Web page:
Eagle County struggles with record number of suicide deaths in 2018 | VailDaily.com

Eagle County struggles with record number of suicide deaths in 2018

The Suicide Loss Support Group begins a six-week session this Wednesday. As organizer Kris Miller notes, "The tendrils from suicide reach far and wide and this is really for anyone who is suffering and could benefit from some healing."
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24/7 Local Crisis Hotline: 888-207-4004

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EAGLE COUNTY — Sixteen Eagle County residents have died by suicide to date in 2018 — nine men and seven women.

To be more descriptive, so far this year the community has lost 16 friends, co-workers and neighbors. Local families have lost nine sons, brothers or husbands and seven daughters, sisters and wives.

“We are all devastated,” said Eagle County Public Health Director Chris Lindley. “Every loss is devastating to all of us. We all take it personally.”

It’s been an exceptionally tough year locally for mental health professionals who deal with suicide deaths. The highest previous number of Eagle County deaths by suicide in a single year was 14.

This year’s statistics underscores the need for improved mental health resources, but Lindley noted there aren’t quick fixes to the current, broken system.

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“We are moving as quickly as we can on a community mental health system. If there was a solution out there that was shown to be effective, we would all be doing it,” he said.

Lindley noted that while the local suicide deaths figure is at its highest mark ever, the community’s commitment to address mental health needs is also at its peak.

Eagle County efforts

There are three distinct groups working on mental health needs in Eagle County.

The Total Health Alliance is open to anyone and everyone. The group hosts public meetings that include information sharing and discussions. The sessions regularly attract between 60 to 100 participants.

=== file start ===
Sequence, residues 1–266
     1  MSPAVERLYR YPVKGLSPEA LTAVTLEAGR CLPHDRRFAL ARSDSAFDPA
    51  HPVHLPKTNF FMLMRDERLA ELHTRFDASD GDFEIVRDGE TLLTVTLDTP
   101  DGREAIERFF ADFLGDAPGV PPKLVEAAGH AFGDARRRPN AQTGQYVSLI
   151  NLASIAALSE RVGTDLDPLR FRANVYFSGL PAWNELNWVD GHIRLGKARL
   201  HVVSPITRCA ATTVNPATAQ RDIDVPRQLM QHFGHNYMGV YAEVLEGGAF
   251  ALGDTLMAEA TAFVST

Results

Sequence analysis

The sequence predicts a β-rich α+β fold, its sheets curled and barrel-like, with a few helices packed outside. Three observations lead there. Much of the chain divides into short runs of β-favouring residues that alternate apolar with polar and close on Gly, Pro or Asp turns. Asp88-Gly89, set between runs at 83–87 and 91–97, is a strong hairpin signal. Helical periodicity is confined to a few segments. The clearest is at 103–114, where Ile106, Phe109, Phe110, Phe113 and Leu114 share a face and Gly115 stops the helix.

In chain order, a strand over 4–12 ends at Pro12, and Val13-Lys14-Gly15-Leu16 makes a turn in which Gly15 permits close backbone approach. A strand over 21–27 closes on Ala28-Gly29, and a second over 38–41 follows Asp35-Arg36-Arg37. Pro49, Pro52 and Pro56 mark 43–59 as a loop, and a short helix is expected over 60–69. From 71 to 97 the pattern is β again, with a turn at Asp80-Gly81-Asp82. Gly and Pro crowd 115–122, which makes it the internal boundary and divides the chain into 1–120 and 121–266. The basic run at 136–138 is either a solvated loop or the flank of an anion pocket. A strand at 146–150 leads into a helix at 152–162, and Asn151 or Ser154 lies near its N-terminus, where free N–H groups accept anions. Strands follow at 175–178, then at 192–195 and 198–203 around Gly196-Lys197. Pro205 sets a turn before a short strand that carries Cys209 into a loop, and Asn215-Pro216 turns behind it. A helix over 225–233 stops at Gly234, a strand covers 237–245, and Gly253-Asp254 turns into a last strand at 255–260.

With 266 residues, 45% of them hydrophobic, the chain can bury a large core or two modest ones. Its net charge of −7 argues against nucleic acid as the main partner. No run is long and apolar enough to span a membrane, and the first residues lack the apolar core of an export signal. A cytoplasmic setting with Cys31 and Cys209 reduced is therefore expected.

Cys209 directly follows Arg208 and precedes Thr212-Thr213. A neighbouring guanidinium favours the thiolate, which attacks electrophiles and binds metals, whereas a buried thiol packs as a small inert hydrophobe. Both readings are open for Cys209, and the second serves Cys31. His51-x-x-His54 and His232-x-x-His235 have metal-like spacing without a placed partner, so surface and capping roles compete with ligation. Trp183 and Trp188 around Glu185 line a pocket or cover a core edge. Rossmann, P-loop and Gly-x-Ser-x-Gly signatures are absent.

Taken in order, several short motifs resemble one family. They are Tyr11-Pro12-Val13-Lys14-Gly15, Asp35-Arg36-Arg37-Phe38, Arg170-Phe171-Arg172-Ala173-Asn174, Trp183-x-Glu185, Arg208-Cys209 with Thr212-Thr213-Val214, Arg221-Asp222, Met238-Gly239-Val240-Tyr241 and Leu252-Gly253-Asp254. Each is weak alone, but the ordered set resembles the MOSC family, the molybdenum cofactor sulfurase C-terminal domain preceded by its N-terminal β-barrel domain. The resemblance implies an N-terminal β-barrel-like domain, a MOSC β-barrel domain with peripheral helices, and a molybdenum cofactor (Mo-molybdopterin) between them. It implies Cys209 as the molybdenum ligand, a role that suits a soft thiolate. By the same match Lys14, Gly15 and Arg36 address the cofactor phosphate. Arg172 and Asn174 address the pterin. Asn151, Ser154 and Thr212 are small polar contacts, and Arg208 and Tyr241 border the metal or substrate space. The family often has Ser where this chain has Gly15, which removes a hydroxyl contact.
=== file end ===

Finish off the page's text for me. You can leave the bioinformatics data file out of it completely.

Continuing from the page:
Eagle County also has its own Mental Health Advisory Committee — a 10-person group that advises the county commissioners about funding priorities for money generated from the local marijuana tax.

Finally, there is a group of local business and community leaders looking at mental health needs for workers and residents. Lindley said the group is brand new, but it has set its mission: To create a community system of services and prevention that saves lives, creates hope and changes behavioral outcomes in our county.

There is crossover in efforts and representation in these groups, particularly among the frontline entities, Lindley noted. In particular, Lindley said that Vail Health has been a leader in the effort. The mental health work also has support from local law enforcement agencies and entities that provide services including Mind Springs Health, Mountain Family Health, Hope Center Eagle River Valley, Eagle River Youth Coalition and Speak Up Reach Out.

“Every suicide is an awful reminder of how important our work is,” Lindley said.

And, unfortunately, the nature of the effort records losses but not success.

“We won’t know how many lives we have saved,” he said.

Holiday season concerns

All of the individuals and entities involved in county’s mental health effort will be on high alert as the holiday season approaches, Lindley said.

“The holidays are traditionally a time when we see our highest number of deaths by suicide. That’s a national statistic,” Lindley said. “The holidays are a very hard time for folks.”

He urged all community members to help care for one another this holiday season. If a co-worker or acquaintance seems withdrawn or upset, talk to him or her. If a friend or family member is struggling, don’t hesitate to call a hotline number.

“Keep an eye on everyone. That’s what the holiday season should be about — helping each other rather than avoiding each another,” Lindley said.

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